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Interactive voice response

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In telephony, interactive voice response, or IVR, is a computerised system that allows a person, typically a telephone caller, to select an option from a voice menu and otherwise interface with a computer system. Generally the system plays pre-recorded voice prompts to which the person presses a number on a telephone keypad to select the option chosen, or speaks simple answers such as "yes", "no", or numbers in answer to the voice prompts.

The latest systems use natural language speech recognition to interpret the questions that the person wants answered.

IVR systems are found operating voicemail systems and telephone banking services, and are often the first point of contact when calling many larger businesses. These systems are generally used at the front end of call centers to identify what service the caller wants and to extract numeric information such as account numbers as well as provide answers to simple questions such as account balances or allow pre-recorded information to be heard.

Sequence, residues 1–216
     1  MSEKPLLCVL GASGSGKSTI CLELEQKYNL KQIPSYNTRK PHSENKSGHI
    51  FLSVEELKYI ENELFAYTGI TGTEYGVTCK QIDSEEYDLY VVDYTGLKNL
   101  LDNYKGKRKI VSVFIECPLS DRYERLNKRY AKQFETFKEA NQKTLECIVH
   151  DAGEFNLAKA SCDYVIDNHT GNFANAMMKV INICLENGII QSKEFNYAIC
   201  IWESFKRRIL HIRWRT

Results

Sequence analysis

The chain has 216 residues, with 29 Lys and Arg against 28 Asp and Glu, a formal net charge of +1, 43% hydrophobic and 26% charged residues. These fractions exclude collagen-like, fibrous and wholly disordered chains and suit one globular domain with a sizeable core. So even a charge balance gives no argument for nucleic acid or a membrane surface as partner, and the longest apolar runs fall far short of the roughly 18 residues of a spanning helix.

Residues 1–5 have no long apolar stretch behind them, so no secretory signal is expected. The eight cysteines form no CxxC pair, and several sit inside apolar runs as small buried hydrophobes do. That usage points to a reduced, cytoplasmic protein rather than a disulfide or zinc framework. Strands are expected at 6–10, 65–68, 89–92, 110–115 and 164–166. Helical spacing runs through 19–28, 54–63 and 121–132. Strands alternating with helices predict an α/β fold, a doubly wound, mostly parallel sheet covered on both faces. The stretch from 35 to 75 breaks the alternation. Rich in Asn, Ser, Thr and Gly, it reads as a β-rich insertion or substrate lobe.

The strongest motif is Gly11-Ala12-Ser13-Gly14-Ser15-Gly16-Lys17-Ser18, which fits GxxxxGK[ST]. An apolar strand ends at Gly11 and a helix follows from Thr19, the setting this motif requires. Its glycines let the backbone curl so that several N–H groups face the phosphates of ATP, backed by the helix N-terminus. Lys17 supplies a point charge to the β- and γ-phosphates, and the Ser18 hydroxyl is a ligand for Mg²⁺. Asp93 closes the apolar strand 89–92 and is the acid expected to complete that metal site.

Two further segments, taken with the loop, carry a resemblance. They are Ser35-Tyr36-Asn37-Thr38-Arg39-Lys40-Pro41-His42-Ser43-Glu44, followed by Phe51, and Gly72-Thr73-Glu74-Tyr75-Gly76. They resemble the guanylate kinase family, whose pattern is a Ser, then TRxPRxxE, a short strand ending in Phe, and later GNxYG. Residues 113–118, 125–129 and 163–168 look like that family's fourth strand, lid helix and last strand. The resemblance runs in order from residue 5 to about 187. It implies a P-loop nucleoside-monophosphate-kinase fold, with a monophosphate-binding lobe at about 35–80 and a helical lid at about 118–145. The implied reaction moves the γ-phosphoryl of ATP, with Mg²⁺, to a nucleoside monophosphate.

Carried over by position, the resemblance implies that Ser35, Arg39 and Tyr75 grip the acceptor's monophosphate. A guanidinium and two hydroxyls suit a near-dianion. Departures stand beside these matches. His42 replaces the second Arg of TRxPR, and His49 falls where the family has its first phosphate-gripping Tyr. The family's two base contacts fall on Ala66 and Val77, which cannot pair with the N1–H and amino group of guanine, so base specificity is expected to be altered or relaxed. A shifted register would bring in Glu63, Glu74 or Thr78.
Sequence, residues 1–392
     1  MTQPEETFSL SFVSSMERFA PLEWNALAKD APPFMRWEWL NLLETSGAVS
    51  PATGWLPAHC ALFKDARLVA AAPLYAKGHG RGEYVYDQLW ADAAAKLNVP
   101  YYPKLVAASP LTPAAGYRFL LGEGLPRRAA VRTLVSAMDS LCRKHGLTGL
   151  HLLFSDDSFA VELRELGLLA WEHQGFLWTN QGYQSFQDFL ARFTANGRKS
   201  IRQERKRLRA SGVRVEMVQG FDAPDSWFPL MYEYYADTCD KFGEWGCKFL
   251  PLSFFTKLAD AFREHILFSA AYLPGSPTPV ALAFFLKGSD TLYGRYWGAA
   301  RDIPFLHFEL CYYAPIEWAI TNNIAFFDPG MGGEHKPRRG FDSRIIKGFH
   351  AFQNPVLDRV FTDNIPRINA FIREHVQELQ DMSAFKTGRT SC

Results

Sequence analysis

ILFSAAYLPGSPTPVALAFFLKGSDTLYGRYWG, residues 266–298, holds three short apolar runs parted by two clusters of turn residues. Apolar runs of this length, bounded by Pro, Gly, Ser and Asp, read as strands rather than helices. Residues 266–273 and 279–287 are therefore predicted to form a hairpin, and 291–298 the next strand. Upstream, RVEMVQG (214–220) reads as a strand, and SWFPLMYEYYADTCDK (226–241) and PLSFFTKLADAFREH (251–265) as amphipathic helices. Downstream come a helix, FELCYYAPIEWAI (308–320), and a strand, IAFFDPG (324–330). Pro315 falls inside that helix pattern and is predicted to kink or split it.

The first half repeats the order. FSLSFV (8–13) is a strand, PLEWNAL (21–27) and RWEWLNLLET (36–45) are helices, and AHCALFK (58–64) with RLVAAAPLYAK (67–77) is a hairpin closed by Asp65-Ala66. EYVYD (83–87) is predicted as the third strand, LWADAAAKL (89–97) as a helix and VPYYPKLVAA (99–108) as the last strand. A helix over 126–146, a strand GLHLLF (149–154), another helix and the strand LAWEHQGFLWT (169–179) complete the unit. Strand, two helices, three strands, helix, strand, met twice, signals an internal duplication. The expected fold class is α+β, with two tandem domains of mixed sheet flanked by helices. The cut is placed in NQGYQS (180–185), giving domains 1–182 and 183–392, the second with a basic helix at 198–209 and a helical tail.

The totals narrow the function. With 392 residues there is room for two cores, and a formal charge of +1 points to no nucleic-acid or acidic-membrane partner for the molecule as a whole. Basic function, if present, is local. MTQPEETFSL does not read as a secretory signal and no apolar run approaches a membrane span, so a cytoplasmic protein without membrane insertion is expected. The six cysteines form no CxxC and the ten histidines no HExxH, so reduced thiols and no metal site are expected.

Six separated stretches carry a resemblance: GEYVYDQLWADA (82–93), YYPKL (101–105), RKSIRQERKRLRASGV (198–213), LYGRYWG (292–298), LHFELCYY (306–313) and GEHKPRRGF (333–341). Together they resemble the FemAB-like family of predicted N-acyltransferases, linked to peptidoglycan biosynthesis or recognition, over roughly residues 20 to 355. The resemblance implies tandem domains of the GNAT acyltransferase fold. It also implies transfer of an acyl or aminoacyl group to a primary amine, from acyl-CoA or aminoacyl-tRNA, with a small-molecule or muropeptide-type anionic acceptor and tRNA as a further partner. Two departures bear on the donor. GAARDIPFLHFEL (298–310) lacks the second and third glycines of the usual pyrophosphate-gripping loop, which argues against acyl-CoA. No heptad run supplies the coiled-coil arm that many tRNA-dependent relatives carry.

IVR systems are often criticised as being unhelpful and difficult to use due to poor design and lack of appreciation of the callers' needs. A properly designed IVR system should connect callers to their desired service promptly and with a minimum of fuss.



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